NCDC Warns Of Escalating Antimicrobial Resistance Crisis

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The director-general, Nigeria Centre for Disease Control, Dr. Ifedayo Adetifa.
The director-general, Nigeria Centre for Disease Control, Dr. Ifedayo Adetifa.

The Nigeria Centre for Disease Control and Prevention (NCDC) has raised the alarm about the escalating antimicrobial resistance (AMR) crisis and the need to take proactive action.

AMR occurs when bacteria, viruses, fungi and parasites lose their responsiveness to antimicrobials, leading to severe health implications.

The director-general of NCDC, Dr. Ifedayo Adetifa expressed these concerns during the commemoration of World Antimicrobial Awareness Week (WAAW) in Abuja. He emphasised the critical need for responsible antimicrobial use to prevent infections from becoming untreatable. Adetifa discouraged the sharing or use of leftover antibiotics and underscored the importance of proper disposal and consistent hand hygiene.

AMR is a global health threat, causing 1.27 million deaths annually, with an additional 3.7 million deaths associated with its effects. Low- and middle-income countries, particularly Nigeria, bear nearly 90 per cent of this burden. Shockingly, over 99.5 per cent of AMR-related deaths occur in children under five, surpassing mortality rates from HIV/AIDS, malaria, and many cancers. Western Africa faces the highest death rate in Africa, with 27.3 deaths per 100,000 due to drug-resistant pathogens.

Adetifa highlighted the economic and health system impact of AMR, revealing that up to US$100 trillion of global GDP could be lost by 2050 due to this crisis, with the most significant negative impact on low- and middle-income countries.

“Nigeria has made progress in its response to AMR since 2017, including the establishment of an AMR surveillance network, antimicrobial stewardship, and awareness programmes. The country is finalizing its second National Action Plan for AMR (NAP 2.0) in collaboration with relevant stakeholders,” he stated. However, he noted that more action is needed, as indicated by the recent joint external evaluation rating Nigeria with an average score of 2.4 out of 5.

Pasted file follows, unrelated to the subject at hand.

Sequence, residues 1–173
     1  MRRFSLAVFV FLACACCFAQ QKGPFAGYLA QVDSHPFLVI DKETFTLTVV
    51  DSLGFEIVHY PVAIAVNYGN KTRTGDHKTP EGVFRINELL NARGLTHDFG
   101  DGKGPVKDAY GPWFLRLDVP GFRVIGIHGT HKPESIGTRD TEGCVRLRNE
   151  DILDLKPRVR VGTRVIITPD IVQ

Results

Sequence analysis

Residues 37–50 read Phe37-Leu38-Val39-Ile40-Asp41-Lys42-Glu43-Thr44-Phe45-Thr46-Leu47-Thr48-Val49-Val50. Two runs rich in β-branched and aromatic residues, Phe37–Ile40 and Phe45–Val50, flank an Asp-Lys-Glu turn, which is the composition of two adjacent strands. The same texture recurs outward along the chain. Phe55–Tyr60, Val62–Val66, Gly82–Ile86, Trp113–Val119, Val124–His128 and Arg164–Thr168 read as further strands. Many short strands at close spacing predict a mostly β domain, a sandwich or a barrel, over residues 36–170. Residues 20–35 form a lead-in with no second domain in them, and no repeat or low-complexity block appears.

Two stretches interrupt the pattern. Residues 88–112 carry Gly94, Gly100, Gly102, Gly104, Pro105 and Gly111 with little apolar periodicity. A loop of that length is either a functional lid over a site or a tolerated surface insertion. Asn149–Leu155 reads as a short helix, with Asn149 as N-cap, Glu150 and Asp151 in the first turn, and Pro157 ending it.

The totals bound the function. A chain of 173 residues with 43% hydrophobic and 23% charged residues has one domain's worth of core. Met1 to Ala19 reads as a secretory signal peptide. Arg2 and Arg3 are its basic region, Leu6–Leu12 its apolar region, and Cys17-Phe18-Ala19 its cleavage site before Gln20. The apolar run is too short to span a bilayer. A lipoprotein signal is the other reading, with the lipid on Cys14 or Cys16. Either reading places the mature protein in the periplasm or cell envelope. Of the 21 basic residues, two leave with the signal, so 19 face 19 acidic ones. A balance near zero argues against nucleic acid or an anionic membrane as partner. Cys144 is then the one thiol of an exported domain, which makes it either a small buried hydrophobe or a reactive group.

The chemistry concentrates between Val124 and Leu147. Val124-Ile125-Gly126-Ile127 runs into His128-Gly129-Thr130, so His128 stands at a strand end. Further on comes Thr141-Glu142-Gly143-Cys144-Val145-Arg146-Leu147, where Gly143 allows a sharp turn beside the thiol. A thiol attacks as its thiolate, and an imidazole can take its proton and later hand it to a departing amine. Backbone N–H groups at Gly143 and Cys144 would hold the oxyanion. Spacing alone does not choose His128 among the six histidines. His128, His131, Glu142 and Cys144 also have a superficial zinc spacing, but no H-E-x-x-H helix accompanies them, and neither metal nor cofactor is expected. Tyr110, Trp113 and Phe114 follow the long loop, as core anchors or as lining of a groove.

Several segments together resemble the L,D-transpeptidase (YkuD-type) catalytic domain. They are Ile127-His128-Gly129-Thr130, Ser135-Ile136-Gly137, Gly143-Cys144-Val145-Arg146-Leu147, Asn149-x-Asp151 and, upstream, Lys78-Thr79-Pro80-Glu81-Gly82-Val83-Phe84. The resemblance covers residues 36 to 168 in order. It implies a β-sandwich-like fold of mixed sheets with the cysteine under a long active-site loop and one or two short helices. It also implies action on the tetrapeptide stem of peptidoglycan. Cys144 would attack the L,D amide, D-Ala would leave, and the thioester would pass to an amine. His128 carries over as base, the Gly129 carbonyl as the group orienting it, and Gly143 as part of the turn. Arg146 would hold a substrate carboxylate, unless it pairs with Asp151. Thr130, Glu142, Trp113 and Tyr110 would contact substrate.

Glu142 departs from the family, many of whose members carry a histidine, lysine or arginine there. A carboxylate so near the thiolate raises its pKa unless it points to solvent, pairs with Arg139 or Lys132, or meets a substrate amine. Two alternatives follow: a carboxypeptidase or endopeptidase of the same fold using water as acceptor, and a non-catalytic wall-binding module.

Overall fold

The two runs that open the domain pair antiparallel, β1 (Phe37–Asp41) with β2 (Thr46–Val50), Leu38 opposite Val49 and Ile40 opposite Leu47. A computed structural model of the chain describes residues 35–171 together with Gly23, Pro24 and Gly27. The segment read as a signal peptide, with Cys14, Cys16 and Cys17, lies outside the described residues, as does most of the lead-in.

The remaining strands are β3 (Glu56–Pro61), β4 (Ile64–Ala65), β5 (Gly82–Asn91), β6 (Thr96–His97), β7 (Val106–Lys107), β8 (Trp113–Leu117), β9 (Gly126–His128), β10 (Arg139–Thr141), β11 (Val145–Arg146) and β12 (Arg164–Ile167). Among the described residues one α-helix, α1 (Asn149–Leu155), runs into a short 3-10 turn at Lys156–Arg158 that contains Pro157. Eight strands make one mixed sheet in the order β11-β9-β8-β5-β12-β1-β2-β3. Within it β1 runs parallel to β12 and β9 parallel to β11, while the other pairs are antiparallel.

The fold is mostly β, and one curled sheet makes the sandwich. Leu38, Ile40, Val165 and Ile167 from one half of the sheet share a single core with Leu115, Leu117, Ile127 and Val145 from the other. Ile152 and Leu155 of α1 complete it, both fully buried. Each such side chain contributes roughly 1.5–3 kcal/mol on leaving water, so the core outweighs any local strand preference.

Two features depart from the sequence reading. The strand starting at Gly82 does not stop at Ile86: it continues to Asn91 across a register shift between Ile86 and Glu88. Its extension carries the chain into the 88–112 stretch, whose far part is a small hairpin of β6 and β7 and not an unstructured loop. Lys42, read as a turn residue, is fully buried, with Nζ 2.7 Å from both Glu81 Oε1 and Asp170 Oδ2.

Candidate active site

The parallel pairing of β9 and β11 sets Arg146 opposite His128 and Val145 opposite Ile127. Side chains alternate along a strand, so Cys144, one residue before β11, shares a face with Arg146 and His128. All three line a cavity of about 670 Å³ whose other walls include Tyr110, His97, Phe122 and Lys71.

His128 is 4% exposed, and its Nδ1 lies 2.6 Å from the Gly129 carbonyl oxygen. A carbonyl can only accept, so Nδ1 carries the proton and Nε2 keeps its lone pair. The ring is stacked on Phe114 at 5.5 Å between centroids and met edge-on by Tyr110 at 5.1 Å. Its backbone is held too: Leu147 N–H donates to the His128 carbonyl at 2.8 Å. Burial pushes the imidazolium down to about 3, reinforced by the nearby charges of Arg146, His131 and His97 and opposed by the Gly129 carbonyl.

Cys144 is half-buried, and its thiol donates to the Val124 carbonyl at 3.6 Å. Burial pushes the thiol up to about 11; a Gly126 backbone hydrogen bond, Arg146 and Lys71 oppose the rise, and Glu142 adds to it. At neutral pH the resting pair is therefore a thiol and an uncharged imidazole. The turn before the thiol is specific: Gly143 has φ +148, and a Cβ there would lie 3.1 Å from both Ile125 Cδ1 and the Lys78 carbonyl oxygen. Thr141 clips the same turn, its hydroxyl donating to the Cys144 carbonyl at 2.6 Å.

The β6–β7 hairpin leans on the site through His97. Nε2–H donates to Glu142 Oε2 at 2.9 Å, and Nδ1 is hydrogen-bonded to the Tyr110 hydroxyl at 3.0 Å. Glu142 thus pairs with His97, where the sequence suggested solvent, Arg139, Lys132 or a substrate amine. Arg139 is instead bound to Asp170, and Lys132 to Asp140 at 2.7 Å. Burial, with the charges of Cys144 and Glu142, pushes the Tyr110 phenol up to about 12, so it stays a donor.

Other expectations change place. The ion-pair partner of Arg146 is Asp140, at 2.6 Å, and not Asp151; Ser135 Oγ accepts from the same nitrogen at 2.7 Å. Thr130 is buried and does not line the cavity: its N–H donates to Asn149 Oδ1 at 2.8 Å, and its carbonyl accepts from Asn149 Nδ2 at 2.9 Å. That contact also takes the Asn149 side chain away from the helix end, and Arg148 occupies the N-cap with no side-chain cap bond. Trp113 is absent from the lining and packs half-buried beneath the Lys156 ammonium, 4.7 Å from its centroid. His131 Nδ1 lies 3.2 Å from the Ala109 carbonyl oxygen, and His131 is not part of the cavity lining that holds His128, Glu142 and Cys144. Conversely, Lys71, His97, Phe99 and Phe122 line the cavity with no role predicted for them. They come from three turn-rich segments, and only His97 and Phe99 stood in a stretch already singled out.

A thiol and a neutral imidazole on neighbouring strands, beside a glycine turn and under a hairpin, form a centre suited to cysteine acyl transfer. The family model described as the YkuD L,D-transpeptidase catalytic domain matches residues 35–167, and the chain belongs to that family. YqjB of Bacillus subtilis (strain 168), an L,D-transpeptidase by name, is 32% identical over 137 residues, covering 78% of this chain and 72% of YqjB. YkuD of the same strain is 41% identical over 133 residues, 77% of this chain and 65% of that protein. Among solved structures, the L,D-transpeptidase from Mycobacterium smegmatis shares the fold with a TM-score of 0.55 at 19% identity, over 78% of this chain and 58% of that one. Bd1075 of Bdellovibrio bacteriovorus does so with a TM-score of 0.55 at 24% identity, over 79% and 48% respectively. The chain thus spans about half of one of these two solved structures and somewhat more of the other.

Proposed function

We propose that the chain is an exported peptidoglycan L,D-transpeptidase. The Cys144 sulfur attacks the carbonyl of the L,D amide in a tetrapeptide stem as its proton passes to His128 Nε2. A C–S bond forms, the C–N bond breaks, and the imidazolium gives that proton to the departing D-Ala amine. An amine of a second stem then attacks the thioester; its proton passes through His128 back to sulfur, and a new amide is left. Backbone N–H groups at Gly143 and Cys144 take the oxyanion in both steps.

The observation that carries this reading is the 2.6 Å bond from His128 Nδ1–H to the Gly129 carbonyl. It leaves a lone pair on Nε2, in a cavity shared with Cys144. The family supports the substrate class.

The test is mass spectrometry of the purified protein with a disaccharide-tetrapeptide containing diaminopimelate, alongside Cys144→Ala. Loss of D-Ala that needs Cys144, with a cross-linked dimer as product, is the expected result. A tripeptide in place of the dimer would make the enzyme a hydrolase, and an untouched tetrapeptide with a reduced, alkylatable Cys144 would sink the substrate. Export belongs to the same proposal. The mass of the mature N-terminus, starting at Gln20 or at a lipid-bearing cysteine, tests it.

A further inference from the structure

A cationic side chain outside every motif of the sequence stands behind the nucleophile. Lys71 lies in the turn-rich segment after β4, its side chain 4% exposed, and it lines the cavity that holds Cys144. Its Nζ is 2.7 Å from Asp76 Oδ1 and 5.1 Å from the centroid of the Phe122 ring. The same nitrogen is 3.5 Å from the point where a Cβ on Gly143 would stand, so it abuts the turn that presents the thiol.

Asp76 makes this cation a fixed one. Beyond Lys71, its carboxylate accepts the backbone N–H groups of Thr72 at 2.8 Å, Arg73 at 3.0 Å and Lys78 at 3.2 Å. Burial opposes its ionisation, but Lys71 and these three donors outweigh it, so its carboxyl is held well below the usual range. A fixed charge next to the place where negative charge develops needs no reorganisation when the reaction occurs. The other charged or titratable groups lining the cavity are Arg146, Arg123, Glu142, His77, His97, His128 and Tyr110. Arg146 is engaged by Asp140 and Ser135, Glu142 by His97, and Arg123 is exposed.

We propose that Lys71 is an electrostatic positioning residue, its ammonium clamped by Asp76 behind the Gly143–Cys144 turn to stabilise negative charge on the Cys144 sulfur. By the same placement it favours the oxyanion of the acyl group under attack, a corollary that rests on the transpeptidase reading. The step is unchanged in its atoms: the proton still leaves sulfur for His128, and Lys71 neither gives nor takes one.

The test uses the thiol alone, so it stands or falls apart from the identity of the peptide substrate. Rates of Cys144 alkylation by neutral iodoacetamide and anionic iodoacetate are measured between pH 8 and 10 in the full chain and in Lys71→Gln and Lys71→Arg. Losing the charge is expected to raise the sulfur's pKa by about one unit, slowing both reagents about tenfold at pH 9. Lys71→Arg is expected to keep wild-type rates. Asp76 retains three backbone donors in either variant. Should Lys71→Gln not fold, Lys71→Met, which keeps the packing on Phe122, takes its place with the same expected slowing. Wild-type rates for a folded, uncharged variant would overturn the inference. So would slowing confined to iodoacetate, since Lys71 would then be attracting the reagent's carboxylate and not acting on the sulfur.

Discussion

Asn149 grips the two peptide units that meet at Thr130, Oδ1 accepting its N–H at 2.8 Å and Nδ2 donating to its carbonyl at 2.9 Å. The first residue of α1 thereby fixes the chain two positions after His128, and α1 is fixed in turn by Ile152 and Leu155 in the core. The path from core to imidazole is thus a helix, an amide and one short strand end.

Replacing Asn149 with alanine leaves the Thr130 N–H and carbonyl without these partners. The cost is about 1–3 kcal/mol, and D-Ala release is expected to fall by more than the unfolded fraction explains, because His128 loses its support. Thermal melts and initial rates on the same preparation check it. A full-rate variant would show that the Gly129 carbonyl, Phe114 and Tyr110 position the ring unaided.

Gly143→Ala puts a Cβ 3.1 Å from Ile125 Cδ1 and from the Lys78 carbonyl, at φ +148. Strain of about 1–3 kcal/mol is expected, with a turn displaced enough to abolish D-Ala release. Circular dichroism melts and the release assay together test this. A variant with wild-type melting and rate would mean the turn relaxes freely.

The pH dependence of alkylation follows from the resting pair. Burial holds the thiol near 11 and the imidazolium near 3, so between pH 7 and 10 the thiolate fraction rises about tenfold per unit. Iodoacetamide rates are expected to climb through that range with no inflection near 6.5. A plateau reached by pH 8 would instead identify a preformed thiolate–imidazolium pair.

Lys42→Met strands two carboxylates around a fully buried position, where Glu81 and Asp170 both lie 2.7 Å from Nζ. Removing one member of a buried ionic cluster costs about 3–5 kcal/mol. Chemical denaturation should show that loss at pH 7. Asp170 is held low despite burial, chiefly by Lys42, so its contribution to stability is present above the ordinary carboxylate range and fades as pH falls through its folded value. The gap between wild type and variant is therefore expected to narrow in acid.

To combat AMR effectively, Adetifa urged collaboration across sectors, emphasising a One Health approach. He stated that, to mark WAAW 2023, NCDC, ministries, agencies, and partners are conducting various activities, including press briefings, social media campaigns, sensitization in health facilities, and awareness campaigns among school children.

The director-general urged Nigerians to handle antimicrobials responsibly, seeking professional consultation, completing prescribed doses, and observing withdrawal periods for animals of food origin. He reassured that the Federal Government of Nigeria remains committed to the global response against AMR, advocating for the responsible use of antimicrobials guided by a one-health approach.

The World Health Organisation (WHO) representative in Nigeria, Dr. Walter Kazadi Mulombo highlighted the importance of the year 2023 for AMR in Nigeria, citing historic milestones achieved with the new administration. He commended the high-level political commitment obtained with the inauguration of the National One Health Ministerial Steering Committee (NOHSC) and its support to strengthen the one health secretariat.

Mulombo noted the approval of the AMR Governance manual for national and sub-national response and emphasised the need to standardise the approach to implementing NAP-2.0 at the sub-national level. He celebrated the development of a robust evidence-based NAP-2.0 on AMR (2024 -2029), aligning with targets and milestones committed by the Minister of Health on the Muscat Declaration-2023.

“In the true sense, today we are not just kicking off WAAW-2023 but raising a toast to our approach and maintenance of this year’s WAAW theme, ‘Preventing and Minimising Antimicrobial Resistance Together,'” Mulombo concluded.

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